BOLDUAN: As all of this is happening, Nina, the president is heading off on this huge trip overseas, going to Saudi Arabia, Israel, the Vatican, Belgium, Sicily. How would the crisis kind of unfolding like this impact a trip like this?

HACHIGIAN: I think, you know, for the most part, his counterparts are going to try to be on their best behavior and to try to stick to the script as they have been determined, but at every press availability, this will be what everybody is asking about. And so, in terms of, you know, United States foreign policy, we're not going to get nearly the most out of this trip that you would want a president to get out of it because this scandal will be following him at each and every stop.

BOLDUAN: And, Joshua, as he meets overseas with allies, what do allies need to hear from the United States as to this, the news that, of course, the White House is disputing, but the news that the president shared highly classified intelligence with the Russian foreign minister in this meeting? I mean, just today, we know that foreign allies have been asked about it. The prime minister of Britain has been asked, kind of about this episode. What do you think foreign allies need to hear right now?

WALKER: This is completely overshadowing this trip. The fact that this source might have come from Israel makes it even more awkward as president when Trump goes to Israel on part of this. And our European allies at NATO allies and G-7 are going to be asking can we trust you. We had a very interesting meeting yesterday between Turkish President Erdogan and President Trump. Turkey's in the fight with ISIS, too. Can they trust their sources are not being compromised? I don't know if you can say anything. Sometimes actions speak louder than words. Everybody's going to say all the right things in public, but behind the scenes, is it going to hurt intelligence and our national security apparatus moving forward?

BOLDUAN: And looking at it, since he's leaving on this trip on Friday, Nina, I have seen some opinionators in the opinion pages saying he should cancel this trip. Would you advise that at this point?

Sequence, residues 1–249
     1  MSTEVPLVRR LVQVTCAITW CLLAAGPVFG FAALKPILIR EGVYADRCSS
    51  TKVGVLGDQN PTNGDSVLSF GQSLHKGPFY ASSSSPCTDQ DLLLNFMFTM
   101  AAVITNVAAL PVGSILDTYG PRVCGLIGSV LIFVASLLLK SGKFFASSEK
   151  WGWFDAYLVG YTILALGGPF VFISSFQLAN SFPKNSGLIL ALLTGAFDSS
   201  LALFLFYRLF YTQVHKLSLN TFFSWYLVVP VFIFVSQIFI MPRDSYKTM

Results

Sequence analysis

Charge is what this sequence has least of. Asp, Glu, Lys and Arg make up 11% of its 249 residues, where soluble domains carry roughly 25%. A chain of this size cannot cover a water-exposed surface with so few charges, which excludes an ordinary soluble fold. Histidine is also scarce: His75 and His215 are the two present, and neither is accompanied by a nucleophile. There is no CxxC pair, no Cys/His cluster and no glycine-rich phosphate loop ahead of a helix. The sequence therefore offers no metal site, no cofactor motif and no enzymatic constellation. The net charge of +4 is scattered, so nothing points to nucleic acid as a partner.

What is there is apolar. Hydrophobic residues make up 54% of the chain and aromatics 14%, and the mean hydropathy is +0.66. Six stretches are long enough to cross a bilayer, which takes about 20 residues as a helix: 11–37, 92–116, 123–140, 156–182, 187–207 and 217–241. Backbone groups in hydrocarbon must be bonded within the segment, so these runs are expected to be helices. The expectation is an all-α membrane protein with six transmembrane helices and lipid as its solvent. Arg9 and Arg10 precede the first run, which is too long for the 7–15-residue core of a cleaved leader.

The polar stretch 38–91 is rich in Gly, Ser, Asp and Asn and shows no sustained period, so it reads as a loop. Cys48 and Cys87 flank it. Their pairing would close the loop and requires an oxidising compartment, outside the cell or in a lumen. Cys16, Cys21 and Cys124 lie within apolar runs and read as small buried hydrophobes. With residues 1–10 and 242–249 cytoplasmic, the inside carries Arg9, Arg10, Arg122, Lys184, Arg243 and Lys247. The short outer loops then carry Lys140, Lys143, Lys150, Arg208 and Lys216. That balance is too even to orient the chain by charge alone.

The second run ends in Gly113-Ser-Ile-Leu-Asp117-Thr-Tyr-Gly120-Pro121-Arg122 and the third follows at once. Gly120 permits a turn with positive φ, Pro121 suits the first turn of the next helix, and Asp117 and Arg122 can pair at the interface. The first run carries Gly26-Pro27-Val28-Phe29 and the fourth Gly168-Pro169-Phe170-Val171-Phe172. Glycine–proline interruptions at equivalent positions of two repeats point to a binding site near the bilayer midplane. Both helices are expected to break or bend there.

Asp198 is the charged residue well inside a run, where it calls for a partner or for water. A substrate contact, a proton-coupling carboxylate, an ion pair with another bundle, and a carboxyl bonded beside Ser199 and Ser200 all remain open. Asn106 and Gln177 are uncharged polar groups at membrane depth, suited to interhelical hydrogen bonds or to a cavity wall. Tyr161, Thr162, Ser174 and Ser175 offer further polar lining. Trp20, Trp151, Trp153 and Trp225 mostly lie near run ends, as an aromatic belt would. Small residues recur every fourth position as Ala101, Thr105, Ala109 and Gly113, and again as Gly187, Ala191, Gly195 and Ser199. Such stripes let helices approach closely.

HACHIGIAN: That would signal even further chaos. If I were in the White House, no, I don't think I would.


HACHIGIAN: I think that would really be signaling defeat, and that's the last thing they are trying to do. They're trying to pretend everything is normal.

BOLDUAN: That would raise a lot of red flags not raised to this point.

Nina, Joshua, great to have you guys with me. Thanks for walking through this with me. Appreciate it.

WALKER: Thank you, Kate.

[11:39:51] BOLDUAN: Any moment from now, the president's going to speak live for the first time, since this new crisis erupted. He's going to be speaking live from the Coast Guard Academy commencement ceremony. We'll be bringing it to you. Any moment now, we'll bring it to you live.

Plus, new video just in of the president's daughter, Ivanka Trump, holding down the fort of sorts while he's away. We're going to learn who Ivanka Trump is meeting with right now inside the Oval Office, what's the topic, what are they addressing. We'll bring that to you next.


BOLDUAN: All right, moments from now, we'll be hearing from President Trump for the first time since this crisis has fallen on the White House like a hammer regarding the Comey memo. He will be speaking at the Coast Guard commencement ceremony in Connecticut. A lot of introductions going on with others happening at the moment. We're keeping our eye on that and bring it to you as soon as it begins.